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A major question

Tips on deciding on a college major

February 20, 2019

There it is. The dreaded blank. You click on the dropdown menu and select from hundreds of options. You gaze at the screen and log off due to your uncertainty.

This is the fear for so many graduating seniors looking to further their education in college and decide on a major. They question if they should consider prestige and employment opportunity, or base the choice on enjoyment. This is a common occurrence for these young adults, just like it was for me.

After looking at all of my interests and seeing where they intersected with what jobs are in high demand by companies and employers, I determined that a healthy balance of both leads to a prosperous and enjoyable career. Although I still do not know exactly what I will do, I am much closer than I was. If you still have no idea what you want to major in, that is fine. 30 percent of college students switch majors at least once during their college years. Despite the fact I have not gone off to college and been thrown into the mix of determining my own career plan, here are the steps that I would recommend.

  1. Always think a step ahead. Following this step has placed me in many advantageous situations. In the summer before my freshman year, I planned out every class I would take through my senior year. There were a lot of changes and deviations from my original plan, but I had a rough idea of what I would do. Find a standard list of college majors and mark out the ones that you absolutely hate or could never see yourself doing. If you are about to enter high school, find a course guide and plan out what classes you are required to take, want to take and even courses that remotely look interesting. Talk to an academic advisor about your plan, and this will let them know that you are a motivated student causing them to be more apt to listen to you. If you are about to graduate and plan to further your education, look up classes and majors at colleges you are interested in or applying to. It is important to look at both because majors may contain courses that you do not know about but may interest you. Talk to an academic advisor about your plan just like in high school, and build and maintain a good relationship with them. Research endeavors and extracurricular activities are other important aspects to examine.
  2. Discover your passion, but keep an open mind. At the beginning of my freshman year, I took an engineering class, and I despised it. I was invited to apply to a NASA program during my junior year that focused on the STEM field, and knowing my admiration for NASA and my love for science fiction and space, I applied and was accepted. The online and onsite program at Johnson Space Center completely changed my mind about engineering and what it holds. Look at what classes and extracurriculars you have participated in high school. What did you truly enjoy? What did you tolerate? What were you really good at? If any of these intersected, write it down or remember that a particular major caught your attention when you answered these questions. Although the saying, “if you do what you love, you will never work a day in your life” may ring true you still need a job that will support you and possibly others.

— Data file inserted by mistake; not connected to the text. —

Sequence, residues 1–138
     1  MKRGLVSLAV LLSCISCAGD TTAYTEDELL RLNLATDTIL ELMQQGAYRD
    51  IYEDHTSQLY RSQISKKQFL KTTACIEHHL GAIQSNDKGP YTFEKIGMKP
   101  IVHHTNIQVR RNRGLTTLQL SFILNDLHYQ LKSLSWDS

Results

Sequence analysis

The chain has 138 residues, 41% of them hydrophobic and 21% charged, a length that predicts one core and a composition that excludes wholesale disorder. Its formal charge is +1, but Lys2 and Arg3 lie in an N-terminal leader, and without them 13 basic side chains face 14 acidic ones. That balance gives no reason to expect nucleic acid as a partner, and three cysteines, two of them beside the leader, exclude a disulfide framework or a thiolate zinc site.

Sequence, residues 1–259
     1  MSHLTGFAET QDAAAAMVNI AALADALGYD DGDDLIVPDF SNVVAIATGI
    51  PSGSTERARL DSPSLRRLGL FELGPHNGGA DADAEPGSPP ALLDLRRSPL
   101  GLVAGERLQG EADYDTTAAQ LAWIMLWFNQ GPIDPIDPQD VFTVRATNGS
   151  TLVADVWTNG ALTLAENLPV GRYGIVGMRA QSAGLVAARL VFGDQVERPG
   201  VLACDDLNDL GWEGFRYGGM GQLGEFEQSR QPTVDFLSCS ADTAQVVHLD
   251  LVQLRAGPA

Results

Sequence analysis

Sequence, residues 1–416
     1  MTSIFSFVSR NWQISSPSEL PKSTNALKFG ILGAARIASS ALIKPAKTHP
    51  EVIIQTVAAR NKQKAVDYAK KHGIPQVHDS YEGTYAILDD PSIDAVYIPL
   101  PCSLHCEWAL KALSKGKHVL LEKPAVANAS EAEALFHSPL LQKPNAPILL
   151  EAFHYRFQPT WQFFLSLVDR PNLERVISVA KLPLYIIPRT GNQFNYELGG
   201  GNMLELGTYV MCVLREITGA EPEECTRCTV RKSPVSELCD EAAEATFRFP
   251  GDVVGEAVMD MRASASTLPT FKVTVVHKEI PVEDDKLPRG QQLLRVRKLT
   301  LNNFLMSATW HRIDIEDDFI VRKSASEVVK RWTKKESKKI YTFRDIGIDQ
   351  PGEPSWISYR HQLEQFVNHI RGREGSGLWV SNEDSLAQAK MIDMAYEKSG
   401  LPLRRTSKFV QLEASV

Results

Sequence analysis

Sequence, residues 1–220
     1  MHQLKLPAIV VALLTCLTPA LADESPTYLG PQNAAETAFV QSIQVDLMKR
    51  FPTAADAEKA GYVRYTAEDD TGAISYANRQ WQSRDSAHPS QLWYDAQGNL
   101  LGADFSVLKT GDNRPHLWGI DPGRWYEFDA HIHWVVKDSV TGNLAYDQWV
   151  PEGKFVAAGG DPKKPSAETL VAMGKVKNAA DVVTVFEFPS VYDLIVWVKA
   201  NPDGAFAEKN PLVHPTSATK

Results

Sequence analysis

3. Find what jobs are in high demand by employers on the market. The U.S. Bureau of Labor Statistics publishes median salaries, unemployment rates and more data every year and make projections for the future for various jobs. This is a good source to use to evaluate if a college major will have good job prospects or not. See what jobs have salaries that you like and good future prospects, and make a note of those careers.
  4. Find the intersection between the jobs with good salaries and job prospects and the college majors that you like. Both passion and realism need to have an influence on what you decide to learn about and work on in college and the rest of your life. Your academic advisor will be knowledgeable of the campus’s various programs, and they will be able to help you join the program, major or degree that is right for you.
  5. At the end of the day, it is ok to be undecided about your college major. Nearly every college has a core curriculum referred to as “basics” that most freshmen and even sophomores take in college. This gives college students time to explore possible interests and maybe even reveal a hidden passion of theirs. Think of being undecided as an opportunity to explore rather than the end of the world.

These steps will allow you to rest assured that you have a plan even if that changes. Your academic advisor will help you make changes when necessary and maintain the pace of graduating in four years. Changing your major is not the end of the world, but rather, it represents the beginning of you learning about the opportunities around you.

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